In January 2013, the Federal Reserve issued two fairly narrow Consent Orders to JPMorgan. The first one was related to violations of the Bank Secrecy Act and anti-money laundering requirements, the second to the losses in the Chief Investment Office. Rosner notes that "neither of these orders appears to have resulted from any meaningful investigation and neither addressed the many other recent failures of the Company's internal controls." This CO may have been related to an August 2011 civil settlement by the bank with the US Treasury. Among those items in the settlement are violations of Cuban Assets Control Regulations ("CACR"), Weapons of Mass Destruction Proliferators Sanctions Regulations ("WMDPSR"), Executive Order 13382, "Blocking Property of Weapons of MassDestruction Proliferators and Their Supporters", the Global Terrorism Sanctions Regulations ("GTSR"),the Iranian Transactions Regulations ("ITR"), he Sudanese Sanctions Regulations ("SSR"),the Former Liberian Regime of Charles Taylor Sanctions Regulations ("FLRCTSR") and the Reporting, Procedures, and Penalties Regulations ("RPPR") Other issues were addressed by the CO unrelated to the OFAC settlement including violations of AML/BSA regulations related to its role in the recent Vatican Bank scandal, a drug cartel money-laundering scheme, and possible link the Madoff bankruptcy.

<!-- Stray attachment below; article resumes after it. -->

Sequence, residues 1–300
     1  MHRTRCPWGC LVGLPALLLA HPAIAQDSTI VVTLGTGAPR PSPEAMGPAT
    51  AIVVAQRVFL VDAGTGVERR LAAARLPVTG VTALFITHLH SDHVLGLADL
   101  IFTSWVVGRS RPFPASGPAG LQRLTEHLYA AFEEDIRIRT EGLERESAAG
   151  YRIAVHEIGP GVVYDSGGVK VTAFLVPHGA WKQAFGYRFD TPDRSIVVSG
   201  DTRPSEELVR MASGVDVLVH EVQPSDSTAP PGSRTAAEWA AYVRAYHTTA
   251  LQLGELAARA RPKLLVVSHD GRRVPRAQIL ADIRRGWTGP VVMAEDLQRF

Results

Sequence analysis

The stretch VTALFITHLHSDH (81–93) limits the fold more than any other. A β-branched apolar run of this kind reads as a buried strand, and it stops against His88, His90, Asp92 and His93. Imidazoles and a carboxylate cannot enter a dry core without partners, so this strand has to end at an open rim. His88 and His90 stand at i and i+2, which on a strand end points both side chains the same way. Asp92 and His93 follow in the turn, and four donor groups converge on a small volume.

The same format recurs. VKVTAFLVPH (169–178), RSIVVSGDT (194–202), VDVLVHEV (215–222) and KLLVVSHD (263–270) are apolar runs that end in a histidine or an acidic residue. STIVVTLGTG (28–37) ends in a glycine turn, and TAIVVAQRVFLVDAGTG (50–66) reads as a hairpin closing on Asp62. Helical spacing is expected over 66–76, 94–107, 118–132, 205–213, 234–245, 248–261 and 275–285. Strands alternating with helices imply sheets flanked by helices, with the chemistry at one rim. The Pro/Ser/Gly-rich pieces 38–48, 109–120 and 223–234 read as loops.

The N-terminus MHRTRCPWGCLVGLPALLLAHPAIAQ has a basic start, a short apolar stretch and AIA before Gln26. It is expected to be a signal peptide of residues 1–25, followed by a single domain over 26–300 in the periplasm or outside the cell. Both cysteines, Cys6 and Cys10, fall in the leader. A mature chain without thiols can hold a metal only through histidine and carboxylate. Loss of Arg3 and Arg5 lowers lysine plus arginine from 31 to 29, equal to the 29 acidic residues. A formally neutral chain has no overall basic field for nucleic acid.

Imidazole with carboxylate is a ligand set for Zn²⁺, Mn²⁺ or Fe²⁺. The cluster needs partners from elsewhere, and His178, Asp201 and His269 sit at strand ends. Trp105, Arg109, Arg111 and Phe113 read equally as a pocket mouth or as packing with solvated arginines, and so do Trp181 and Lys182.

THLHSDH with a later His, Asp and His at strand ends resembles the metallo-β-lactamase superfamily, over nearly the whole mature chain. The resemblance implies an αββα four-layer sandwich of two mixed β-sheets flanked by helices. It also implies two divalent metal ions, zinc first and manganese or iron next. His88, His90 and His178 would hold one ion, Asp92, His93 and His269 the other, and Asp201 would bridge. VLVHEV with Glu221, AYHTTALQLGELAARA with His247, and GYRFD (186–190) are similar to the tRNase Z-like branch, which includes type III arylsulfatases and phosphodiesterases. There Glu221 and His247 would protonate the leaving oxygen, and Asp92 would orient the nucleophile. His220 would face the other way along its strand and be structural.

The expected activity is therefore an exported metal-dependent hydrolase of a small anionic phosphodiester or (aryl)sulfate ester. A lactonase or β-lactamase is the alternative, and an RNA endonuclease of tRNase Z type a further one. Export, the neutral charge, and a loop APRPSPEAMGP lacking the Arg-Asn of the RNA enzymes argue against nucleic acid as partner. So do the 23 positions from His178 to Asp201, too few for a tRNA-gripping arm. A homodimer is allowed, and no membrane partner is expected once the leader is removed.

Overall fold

The whale situation (also known as the Synthetic Credit Portfolio), shows that problems in risk management problems existed in the CIO office, and were known to the most senior management of the bank. This calls into question the accuracy of the firm's filings and compliance with Title III of the Sarbanes-Oxley Act. If the controls in place were generating massive profits, management may not have had any impetus to change them. The list of JPM's regulatory violations over the past five years is long, diverse and appears to cross legal and regulatory jurisdictions. Many of these infractions are for repeated violations of specific control failures, which the Company had previously agreed to remedy.